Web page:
On February 27, 2017, during the launch of my book, The Sin I Knew, three seminarians asked for a copy of my book. My heart leapt up in sheer joy.
I told them that I’d be willing to give them free copies. But they insisted that they had money and that they wanted to share the book with their parents.
To me, the special request of the seminarians—high school students at the St. Pius X Seminary—was worth more than the adulation, the compliments, the money I received.
A seminarian gave me his last name as Escolin. I am familiar with that name. It turned out that his father is a relative of Judge Venicio Escolin, whose son Charles was my student in Philosophy and whose other son Philip was one of the participants in the Days with the Lord weekend recollection I had conducted in the early 1970s in Roxas City.
Judge Escolin himself was my former high school teacher in English and Public Speaking at the St. Pius X Seminary.
What sweet moments to remember!
The book launching in Roxas City was a memorable for me. I relish the thought that it was some kind of a homecoming to the seminary where I studied and taught.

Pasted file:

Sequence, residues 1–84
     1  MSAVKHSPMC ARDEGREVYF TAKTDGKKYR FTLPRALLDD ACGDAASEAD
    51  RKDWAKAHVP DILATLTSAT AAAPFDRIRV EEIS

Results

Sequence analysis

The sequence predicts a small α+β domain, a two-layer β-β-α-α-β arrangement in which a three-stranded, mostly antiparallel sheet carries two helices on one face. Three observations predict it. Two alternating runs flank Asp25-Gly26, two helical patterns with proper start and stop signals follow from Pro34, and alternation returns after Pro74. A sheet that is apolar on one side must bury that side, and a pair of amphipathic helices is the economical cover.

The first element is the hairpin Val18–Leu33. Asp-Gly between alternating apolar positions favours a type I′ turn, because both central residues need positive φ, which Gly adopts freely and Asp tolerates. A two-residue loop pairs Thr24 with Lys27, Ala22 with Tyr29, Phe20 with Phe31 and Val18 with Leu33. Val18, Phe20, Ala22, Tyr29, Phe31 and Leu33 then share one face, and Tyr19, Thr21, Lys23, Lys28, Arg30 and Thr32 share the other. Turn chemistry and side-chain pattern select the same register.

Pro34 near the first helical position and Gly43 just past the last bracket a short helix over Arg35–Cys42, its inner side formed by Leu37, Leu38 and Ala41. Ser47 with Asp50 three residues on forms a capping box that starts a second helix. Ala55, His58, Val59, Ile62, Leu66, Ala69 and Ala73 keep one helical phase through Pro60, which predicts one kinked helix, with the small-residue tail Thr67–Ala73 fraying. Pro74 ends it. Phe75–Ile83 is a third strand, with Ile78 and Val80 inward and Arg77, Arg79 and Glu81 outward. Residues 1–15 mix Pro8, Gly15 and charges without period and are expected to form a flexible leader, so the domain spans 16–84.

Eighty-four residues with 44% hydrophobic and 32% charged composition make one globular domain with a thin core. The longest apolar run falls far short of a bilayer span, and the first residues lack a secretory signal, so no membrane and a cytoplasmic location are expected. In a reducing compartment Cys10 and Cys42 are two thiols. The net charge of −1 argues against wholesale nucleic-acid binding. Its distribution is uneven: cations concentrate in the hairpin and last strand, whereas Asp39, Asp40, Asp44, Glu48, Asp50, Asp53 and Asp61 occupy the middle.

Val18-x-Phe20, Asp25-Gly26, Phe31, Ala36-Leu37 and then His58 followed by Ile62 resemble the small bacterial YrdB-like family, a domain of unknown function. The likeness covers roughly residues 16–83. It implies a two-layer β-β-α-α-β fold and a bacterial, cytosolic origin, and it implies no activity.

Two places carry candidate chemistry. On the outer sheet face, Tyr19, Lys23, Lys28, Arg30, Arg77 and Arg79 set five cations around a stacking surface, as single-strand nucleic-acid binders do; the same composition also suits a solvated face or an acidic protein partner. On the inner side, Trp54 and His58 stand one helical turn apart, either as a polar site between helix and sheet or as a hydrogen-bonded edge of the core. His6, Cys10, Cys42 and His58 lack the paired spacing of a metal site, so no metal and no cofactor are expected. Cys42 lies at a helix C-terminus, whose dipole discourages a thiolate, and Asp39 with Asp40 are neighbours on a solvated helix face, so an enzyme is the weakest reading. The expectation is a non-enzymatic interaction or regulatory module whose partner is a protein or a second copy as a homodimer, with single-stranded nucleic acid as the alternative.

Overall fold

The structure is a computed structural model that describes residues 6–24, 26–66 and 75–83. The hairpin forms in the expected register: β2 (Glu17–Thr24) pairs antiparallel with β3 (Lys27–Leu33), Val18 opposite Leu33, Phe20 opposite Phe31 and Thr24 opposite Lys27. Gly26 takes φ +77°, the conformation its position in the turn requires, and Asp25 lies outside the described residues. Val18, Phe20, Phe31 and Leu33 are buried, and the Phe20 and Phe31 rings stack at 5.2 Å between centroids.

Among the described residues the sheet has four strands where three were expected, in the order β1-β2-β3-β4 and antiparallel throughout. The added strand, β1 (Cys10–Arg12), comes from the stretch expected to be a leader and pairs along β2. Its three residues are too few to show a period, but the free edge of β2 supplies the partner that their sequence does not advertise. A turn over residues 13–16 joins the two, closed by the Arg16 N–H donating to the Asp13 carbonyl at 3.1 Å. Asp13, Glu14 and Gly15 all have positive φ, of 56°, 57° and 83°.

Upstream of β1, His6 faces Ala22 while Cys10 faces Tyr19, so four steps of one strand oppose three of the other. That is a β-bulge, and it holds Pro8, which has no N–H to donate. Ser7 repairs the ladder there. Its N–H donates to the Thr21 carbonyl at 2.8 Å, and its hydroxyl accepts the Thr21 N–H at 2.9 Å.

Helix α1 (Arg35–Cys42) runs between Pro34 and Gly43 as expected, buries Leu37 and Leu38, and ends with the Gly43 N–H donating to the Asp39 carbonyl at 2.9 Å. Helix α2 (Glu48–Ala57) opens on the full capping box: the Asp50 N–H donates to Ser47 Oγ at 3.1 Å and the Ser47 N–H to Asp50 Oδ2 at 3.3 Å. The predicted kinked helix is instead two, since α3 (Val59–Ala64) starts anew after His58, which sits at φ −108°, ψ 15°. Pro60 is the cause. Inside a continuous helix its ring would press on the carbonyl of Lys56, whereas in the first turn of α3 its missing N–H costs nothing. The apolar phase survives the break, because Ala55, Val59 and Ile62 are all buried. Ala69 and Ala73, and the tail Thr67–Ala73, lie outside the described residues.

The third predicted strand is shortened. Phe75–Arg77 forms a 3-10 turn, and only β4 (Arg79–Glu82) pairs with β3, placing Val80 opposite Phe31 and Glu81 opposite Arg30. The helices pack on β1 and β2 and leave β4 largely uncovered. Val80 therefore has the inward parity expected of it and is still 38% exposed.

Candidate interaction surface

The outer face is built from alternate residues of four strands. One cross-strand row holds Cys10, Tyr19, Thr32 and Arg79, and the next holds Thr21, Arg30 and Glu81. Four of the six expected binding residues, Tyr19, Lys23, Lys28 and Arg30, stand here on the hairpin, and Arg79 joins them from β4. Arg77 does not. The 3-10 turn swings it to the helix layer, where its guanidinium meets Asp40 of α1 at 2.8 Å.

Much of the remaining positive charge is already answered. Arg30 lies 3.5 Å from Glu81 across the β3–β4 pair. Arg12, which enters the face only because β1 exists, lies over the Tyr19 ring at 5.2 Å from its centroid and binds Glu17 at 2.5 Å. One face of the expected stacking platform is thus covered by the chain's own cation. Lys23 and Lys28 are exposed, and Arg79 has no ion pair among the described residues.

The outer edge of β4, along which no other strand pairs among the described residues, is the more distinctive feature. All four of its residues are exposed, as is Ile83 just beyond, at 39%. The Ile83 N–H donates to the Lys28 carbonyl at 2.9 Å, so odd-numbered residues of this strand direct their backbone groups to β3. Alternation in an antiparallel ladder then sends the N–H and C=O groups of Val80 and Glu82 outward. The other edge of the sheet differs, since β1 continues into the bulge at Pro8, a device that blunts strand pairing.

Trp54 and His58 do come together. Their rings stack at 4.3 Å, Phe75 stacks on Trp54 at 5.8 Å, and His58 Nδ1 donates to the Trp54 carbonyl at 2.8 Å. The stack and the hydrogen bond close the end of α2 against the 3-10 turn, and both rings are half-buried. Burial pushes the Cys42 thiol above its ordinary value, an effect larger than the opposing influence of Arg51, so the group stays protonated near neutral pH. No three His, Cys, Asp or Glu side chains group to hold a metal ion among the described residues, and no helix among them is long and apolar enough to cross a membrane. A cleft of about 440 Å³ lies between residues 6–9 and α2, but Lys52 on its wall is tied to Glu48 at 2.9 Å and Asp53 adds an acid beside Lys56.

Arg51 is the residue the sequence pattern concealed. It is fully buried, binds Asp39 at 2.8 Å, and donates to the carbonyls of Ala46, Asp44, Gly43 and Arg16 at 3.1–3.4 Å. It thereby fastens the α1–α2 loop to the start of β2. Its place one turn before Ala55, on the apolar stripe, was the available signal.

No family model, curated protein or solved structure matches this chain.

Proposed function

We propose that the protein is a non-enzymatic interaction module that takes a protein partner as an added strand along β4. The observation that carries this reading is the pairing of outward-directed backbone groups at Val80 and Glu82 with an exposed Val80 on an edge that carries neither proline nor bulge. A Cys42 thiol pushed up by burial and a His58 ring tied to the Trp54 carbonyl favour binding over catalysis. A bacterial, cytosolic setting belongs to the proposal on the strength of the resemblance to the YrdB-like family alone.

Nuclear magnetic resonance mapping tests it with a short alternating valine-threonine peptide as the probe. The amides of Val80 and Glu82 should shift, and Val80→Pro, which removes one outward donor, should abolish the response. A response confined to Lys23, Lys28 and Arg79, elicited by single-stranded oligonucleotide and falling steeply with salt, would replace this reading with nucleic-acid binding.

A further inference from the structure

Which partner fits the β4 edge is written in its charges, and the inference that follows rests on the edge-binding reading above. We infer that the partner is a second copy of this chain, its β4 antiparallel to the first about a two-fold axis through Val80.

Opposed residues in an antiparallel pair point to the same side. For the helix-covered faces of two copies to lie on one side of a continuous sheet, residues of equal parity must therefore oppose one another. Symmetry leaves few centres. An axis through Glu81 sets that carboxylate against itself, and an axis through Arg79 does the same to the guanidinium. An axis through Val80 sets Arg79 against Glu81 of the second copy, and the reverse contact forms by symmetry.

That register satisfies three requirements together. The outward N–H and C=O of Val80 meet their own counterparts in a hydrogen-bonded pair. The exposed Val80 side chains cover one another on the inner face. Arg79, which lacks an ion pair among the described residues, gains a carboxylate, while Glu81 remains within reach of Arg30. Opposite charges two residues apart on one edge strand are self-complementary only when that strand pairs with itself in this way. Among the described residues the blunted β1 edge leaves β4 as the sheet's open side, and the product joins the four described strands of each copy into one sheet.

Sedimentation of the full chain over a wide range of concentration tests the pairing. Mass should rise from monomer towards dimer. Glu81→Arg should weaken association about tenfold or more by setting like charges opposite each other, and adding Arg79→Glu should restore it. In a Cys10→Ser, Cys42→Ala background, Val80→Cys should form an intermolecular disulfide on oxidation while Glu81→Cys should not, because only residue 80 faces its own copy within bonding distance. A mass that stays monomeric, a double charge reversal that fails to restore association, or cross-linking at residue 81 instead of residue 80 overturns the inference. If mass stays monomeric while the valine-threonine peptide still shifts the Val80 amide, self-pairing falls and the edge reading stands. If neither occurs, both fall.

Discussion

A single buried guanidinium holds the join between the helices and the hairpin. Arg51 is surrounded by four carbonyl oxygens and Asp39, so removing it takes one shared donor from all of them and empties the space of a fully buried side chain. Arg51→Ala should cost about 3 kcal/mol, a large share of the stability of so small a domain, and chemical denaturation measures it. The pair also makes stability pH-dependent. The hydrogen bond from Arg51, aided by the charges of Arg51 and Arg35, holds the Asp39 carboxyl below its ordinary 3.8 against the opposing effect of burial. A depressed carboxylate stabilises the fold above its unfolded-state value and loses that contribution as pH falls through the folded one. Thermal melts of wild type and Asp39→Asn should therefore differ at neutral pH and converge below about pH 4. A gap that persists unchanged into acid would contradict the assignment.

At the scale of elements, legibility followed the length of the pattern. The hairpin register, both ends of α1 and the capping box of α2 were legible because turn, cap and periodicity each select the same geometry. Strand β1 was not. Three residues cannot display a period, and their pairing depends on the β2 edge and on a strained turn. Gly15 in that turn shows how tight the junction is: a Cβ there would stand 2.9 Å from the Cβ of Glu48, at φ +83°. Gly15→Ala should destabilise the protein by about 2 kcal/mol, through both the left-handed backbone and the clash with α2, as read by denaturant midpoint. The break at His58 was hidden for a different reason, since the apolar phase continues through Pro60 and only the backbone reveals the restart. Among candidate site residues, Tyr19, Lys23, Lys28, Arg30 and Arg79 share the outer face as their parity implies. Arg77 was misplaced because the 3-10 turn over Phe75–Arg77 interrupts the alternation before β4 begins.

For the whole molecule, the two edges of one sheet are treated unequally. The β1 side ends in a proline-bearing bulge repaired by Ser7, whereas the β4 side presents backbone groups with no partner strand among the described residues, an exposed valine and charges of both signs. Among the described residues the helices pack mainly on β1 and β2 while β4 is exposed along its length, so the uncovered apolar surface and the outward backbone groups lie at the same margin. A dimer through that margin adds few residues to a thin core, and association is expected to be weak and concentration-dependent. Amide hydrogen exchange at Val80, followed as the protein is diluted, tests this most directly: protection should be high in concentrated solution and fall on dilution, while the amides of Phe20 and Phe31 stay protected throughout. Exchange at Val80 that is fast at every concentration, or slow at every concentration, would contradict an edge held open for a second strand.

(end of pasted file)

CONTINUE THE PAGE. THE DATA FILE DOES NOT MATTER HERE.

I studied high school in St. Pius X Seminary from 1957 to 1962, and first year college in 1963.
I taught Philosophy there from 1970 to 1973. I felt very grateful when Father Freddie Billanes, then rector of the seminary, encouraged me to hold the book launching there.
When he told me that Archbishop Jose Advincula wanted to attend but on a date he specified—February 27, 2017—I was most willing to accommodate.
On the day of the book launching, the day was fine. Over one hundred seminarians and fifty-plus guests came and filled the chapel of the seminary.
It was a short program with an introduction by Dr. Abundio Balgos; a talk by my classmate Fr. Jose Parohinog; a message by Archbishop Advincula; a musical number rendered by the seminary choir; and my own talk—after which the cutting of the ribbon followed at the chapel’s entrance.
Archbishop Advincula and Melanie del Rosario-Arancillo assisted me in the ribbon-cutting.
Then the book-signing took place in the seminary quadrangle. My sister Artily Inocencio, my brother Nory and his wife Mimi and Sr. Feliza Declaro, R.V.M., sat behind a table loaded with my books to attend to those wishing to get a copy of the book.
I sat behind another table nearby for the book-signing. Friends Terry Beldia, Daday Acevedo and Fe Gomez-Villarruz stood behind me.
As I signed the books, I could not help but glance at the seminary’s buildings around the quadrangle.
I used to teach on the fourth floor behind the stage. My bedroom was on the front fourth floor of the building facing the basketball court below.
When I was a first-year seminarian in 1957, the quadrangle had a huge rock jutting out from the ground. It took a year for the rock to be removed.